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Transaction/Case Details

Court refuses to assume jurisdiction over foreign class members in Airia Brands Inc v Air Canada

DATE CLOSED

August 26, 2015

BUSINESS SECTOR

Transportation

LEAD OFFICE

Toronto

VALUE

200 Million CAD


OVERVIEW

On August 26, 2015, the Ontario Superior Court of Justice rendered its decision that it does not have jurisdiction over foreign class members in Airia Brands Inc. v Air Canada. The class action, which names a host of international airlines accused of fixing the price of air cargo to and from Canada since 2000, was certified by Justice Lynne Leitch.

The Plaintiffs alleged that the Defendants conspired in Canada and throughout the world to fix prices of airfreight cargo shipping services for shipments to or from Canada (excluding shipments to and from the United States).

Justice Leitch gave three alternative reasons for her decision:

First, based on the defendants’ evidence of foreign law that an Ontario class proceedings judgment would not be recognized or enforced in the foreign countries where the absent foreign claimants reside, Justice Leitch accepted the defendant’s argument that it would be contrary to the constitutional principles of order and fairness to apply the common law “real and substantial connection” test for asserting jurisdiction to the absent foreign claimants. Accordingly, she found that the only basis on which jurisdiction could be asserted over foreign class members (i.e. class members who reside outside of Canada, entered into contracts for airfreight shipping services outside Canada, and suffered any alleged losses outside Canada) would be their presence in Ontario or consent to Ontario’s jurisdiction, both of which are necessarily lacking given the definition of foreign class members above.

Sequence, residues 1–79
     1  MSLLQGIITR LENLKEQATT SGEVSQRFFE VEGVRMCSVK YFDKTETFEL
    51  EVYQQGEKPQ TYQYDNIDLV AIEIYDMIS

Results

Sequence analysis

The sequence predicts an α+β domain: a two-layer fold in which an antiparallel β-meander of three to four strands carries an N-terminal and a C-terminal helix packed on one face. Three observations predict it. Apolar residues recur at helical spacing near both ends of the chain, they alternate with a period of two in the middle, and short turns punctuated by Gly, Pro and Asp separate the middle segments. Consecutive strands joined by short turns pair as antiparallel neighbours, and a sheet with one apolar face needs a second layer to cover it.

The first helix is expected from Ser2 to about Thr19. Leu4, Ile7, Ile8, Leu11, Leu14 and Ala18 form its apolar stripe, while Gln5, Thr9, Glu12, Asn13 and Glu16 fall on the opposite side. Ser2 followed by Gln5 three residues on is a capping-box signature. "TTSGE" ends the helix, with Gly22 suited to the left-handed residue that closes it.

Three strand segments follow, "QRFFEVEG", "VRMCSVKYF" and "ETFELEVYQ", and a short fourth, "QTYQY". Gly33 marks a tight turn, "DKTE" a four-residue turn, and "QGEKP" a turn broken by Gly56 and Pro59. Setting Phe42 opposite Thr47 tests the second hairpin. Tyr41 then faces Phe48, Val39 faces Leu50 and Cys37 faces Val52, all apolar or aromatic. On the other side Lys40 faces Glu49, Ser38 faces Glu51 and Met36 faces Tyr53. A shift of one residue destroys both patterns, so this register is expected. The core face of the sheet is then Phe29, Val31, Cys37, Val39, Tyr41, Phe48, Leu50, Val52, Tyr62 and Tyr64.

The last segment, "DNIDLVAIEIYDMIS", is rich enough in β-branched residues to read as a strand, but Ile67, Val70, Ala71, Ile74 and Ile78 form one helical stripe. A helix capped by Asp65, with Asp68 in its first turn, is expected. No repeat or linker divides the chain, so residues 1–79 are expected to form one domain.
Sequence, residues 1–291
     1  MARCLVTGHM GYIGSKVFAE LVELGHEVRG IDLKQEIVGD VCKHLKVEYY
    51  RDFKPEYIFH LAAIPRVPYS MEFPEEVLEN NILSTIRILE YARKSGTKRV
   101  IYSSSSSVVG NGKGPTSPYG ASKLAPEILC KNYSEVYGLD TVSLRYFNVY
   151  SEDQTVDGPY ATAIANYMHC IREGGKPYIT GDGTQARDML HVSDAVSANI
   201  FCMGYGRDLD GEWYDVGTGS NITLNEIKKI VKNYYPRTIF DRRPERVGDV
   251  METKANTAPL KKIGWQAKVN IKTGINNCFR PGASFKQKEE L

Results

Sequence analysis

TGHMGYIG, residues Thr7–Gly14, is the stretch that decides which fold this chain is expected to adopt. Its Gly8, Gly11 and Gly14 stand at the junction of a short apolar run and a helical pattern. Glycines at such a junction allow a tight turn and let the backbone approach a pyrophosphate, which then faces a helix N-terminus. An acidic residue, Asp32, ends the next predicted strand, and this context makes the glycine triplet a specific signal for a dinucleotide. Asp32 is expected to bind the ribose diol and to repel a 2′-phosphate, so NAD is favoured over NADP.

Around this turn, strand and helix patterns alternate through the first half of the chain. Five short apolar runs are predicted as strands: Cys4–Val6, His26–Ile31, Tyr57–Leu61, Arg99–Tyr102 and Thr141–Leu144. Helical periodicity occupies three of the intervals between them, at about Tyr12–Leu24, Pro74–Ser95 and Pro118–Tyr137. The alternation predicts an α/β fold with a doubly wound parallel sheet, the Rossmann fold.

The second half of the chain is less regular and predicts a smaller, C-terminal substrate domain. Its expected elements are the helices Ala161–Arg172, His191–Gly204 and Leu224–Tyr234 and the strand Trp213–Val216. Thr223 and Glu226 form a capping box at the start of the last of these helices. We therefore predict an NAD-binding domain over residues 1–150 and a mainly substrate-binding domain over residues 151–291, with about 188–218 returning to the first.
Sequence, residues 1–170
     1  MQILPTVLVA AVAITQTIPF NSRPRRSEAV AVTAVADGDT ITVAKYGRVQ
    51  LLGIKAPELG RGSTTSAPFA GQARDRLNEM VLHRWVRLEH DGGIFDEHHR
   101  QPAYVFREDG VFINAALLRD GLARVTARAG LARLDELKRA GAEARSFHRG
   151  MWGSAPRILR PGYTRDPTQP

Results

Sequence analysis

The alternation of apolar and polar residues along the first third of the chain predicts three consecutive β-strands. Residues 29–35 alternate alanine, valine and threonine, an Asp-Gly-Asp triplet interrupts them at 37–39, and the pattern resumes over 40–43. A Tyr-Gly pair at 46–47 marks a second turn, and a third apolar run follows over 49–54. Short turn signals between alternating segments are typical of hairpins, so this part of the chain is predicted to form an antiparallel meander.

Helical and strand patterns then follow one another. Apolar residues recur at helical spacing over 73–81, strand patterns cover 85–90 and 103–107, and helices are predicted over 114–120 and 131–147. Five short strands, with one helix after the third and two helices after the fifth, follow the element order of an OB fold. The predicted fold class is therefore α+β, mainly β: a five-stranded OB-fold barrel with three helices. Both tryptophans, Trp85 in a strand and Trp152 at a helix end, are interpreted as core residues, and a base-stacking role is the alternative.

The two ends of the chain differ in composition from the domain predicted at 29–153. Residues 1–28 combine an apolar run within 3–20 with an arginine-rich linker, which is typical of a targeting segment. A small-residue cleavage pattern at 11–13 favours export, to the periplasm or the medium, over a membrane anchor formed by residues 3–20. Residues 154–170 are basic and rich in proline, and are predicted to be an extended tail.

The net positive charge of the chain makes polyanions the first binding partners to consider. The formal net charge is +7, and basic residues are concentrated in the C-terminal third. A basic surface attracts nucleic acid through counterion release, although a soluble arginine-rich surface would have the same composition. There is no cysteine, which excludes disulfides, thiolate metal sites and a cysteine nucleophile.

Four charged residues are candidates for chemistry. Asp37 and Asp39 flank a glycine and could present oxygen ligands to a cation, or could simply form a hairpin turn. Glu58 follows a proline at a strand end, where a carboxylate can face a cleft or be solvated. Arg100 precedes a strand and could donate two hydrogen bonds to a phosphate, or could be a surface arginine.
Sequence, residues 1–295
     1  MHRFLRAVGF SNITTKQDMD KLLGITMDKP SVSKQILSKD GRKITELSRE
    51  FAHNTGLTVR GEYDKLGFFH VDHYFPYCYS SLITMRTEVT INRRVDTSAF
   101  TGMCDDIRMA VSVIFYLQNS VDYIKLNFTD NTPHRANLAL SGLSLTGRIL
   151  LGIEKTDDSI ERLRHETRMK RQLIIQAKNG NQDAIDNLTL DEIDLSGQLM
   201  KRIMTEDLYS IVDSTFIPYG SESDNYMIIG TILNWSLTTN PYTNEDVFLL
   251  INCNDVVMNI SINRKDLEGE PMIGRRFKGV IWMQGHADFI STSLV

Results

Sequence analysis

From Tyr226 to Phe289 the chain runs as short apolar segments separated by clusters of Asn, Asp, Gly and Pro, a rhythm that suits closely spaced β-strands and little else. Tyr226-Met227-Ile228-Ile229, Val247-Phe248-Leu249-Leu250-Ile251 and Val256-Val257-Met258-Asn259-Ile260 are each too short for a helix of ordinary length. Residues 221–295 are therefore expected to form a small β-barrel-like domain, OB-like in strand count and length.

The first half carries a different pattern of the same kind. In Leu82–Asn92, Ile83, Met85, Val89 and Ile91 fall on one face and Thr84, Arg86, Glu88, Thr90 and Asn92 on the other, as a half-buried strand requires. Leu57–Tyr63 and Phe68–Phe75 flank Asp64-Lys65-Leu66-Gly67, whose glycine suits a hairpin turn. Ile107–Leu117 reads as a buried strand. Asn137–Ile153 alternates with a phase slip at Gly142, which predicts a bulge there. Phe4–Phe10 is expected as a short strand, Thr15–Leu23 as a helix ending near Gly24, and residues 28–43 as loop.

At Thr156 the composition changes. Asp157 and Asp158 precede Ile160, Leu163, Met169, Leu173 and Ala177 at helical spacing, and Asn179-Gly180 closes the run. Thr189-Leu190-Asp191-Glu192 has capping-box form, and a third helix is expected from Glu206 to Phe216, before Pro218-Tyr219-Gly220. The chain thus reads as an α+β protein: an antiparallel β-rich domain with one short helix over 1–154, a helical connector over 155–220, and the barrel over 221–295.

Second, Justice Leitch found that even if the real and substantial connection test were constitutionally applicable, it was not met on the facts. In part, this was because none of the traditional presumptive connecting factors in the real and substantial connection test applied to the foreign class members’ claims against the defendants. Further, she held it would be inappropriate to apply the new presumptive connecting factor of “common issues” between Ontario and non-resident class members recognized in some national class actions given the global nature of this class action. Additionally, Justice Leitch held that even if any of these connecting factors did apply, the presumption of jurisdiction which they created would be rebutted given the tenuousness of the foreign class members’ links to Ontario and their lack of a reasonable expectation that their claims would be adjudicated by an Ontario court.

Third, Justice Leitch held that even if jurisdiction existed, the claims of the foreign class members should still be stayed based on the doctrine of forum non conveniens. This was largely owing to the comity concerns associated with permitting the foreign class members to sue in Ontario in the face of expert evidence that an Ontario judgment would not be enforced abroad. Additionally, Justice Leitch relied on the Statement of Defence in concluding that an Ontario action involving foreign class members would be too complex given the need to consider the 30 different bodies of foreign law that were pleaded.

McCarthy Tétrault advised one of the defendants, Cathay Pacific Airways Ltd. with a team consisting of John P. Brown and Brandon Kain.

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